Some of us are mixing the flesh and the spirit; the Kingdom of God and the kingdoms of the world. Perhaps a public ministry – and a little bit of private sin. Declaring God’s faithfulness – and being faithless in marriage. God in our Sunday conversations and in our quiet times – and a critical spirit and judgemental tongue for those close to us at other times. There are many ways of living this mixture, but there is only one truth: “the flesh lusts against the Spirit, and the Spirit against the flesh; and these are contrary to one another” (Gal. 5:17).
Isaiah exhorts God’s people (Isa. 48:20) to “Go forth from Babylon”, and many scholars read this as being an exhortation to be separate from the world’s systems. Looking to the book of Revelation, when the cry goes out from the third angel that “Babylon has fallen”, we read that anyone who receives the mark of the beast “shall also drink of the wine of the wrath of God” (Rev. 14:10). There is no certain interpretation of these scriptures, but one thing is clear: as God’s chosen people we have been called out of the world, its systems and its ways; out of darkness and into the “marvellous light” of the Lord Jesus. Anything that is not separation is mixture, and God tells us that mixture is dangerous. And so, from the other side, we come back to the fleece, which on the second night was not touched by the water all around it.
If we are searching the Scriptures for promises of divine protection, the first stop for many of us is likely to be Psalm 91, which begins with the wonderful words: “He who dwells in the secret place of the Most High shall abide under the shadow of the Almighty.” In Psalm 91 we find promises of protection from many forms of untimely death, we find angels keeping us from harm, we find deliverance, salvation and long life in our God. When He is our refuge, nothing “out there” can touch our fleece. But we do have to read all these promises of refuge in the context of the first line. God’s love is unconditional. God’s grace is unconditional. Salvation is by grace and not by works, “lest anyone should boast” (Eph. 2:9). The cross is unconditional. Yet many of God’s promises still require our response if we are to find their ultimate fulfilment: to receive all the protection that the secret place of the Most High affords, we do need to dwell there; and we cannot bring the ways of the world and the lusts of the flesh into the refuge with us.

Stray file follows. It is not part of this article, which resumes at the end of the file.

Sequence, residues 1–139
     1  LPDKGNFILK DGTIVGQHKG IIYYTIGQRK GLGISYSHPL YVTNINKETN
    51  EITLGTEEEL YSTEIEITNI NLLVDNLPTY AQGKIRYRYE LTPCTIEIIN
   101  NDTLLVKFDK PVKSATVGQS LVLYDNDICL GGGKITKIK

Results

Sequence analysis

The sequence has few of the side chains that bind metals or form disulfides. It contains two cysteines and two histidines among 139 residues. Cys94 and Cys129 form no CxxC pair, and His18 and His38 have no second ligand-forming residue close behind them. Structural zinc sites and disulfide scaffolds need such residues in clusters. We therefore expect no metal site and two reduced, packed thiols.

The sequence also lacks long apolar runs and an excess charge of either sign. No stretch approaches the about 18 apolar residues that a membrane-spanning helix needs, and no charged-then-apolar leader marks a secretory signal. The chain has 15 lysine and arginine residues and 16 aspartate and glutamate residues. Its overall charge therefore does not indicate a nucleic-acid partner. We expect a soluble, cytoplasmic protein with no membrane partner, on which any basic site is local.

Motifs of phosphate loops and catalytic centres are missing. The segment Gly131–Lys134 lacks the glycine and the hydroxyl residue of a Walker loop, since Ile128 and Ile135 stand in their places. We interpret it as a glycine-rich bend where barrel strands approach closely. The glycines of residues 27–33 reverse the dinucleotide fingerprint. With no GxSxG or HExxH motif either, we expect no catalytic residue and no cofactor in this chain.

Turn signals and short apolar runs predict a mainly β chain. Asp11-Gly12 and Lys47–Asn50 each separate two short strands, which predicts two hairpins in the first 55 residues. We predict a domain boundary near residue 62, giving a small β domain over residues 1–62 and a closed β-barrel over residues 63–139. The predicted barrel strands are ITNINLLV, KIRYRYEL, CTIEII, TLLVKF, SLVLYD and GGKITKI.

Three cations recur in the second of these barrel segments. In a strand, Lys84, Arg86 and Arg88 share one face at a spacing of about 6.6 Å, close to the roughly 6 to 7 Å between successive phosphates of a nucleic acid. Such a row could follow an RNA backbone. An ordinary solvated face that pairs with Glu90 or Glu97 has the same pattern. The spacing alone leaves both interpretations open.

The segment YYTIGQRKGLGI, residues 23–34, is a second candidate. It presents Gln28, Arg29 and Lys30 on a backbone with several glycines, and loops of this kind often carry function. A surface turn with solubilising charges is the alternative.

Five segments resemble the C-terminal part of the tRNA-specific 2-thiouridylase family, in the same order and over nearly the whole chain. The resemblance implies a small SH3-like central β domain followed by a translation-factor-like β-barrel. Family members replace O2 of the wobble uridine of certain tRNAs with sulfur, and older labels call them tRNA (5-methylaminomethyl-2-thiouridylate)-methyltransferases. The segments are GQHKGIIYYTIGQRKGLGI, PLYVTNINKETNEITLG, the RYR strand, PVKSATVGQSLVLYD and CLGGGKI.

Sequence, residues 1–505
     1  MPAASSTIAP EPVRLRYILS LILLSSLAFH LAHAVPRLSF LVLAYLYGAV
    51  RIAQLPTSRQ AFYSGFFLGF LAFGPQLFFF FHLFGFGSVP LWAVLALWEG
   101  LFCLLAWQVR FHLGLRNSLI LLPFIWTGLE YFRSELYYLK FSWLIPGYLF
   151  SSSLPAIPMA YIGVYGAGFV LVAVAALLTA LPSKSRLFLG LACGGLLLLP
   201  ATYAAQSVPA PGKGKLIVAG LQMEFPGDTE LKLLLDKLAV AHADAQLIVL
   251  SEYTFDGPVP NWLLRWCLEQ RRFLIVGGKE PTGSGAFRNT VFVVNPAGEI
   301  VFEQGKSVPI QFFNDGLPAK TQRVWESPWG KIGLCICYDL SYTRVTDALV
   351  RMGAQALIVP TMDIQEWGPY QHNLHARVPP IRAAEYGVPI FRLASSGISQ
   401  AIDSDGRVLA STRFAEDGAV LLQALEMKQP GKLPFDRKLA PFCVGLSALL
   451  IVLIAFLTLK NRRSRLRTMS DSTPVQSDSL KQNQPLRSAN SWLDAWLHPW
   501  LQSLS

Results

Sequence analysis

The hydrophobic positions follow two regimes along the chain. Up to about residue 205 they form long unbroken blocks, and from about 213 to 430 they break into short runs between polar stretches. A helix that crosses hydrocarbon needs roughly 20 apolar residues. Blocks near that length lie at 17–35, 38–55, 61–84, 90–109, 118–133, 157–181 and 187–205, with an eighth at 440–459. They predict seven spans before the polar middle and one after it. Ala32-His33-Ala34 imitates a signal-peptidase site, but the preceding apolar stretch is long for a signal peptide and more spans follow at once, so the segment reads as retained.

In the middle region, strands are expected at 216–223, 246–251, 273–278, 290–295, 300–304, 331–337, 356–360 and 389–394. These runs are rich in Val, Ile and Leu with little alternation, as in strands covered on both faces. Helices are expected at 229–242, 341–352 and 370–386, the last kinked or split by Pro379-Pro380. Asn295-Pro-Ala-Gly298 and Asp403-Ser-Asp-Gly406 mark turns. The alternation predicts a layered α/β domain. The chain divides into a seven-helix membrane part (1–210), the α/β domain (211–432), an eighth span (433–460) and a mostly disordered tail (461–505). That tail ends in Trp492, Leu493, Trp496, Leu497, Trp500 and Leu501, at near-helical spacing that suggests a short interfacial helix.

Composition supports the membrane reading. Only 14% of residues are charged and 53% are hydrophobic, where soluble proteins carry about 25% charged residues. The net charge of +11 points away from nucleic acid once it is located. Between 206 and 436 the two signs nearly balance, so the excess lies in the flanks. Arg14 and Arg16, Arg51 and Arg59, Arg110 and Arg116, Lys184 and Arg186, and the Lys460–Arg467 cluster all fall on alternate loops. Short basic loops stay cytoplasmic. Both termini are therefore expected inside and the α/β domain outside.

If we look at the conquest of Jericho again we can see that this principle also is illustrated in that famous victory: when Joshua led the Israelites across the Jordan he knew that the Jericho lay before them – he would not have been unaware of it on his spying trip forty years previously. But the preparation that God had in mind for the battle ahead was not fitness training or weapons drill: it was circumcision. We read in Joshua 5 how he took flint knives and circumcised the army, who stayed in the camp until they were healed. Any enemy falling upon this vulnerable group of men would have probably annihilated them, but this was a consecrated army in obedience to God: they were truly dwelling “in the secret place of the Most High”, and thus they were invincible. And when they moved out into battle, their obedience alone was enough to cause the walls to fall.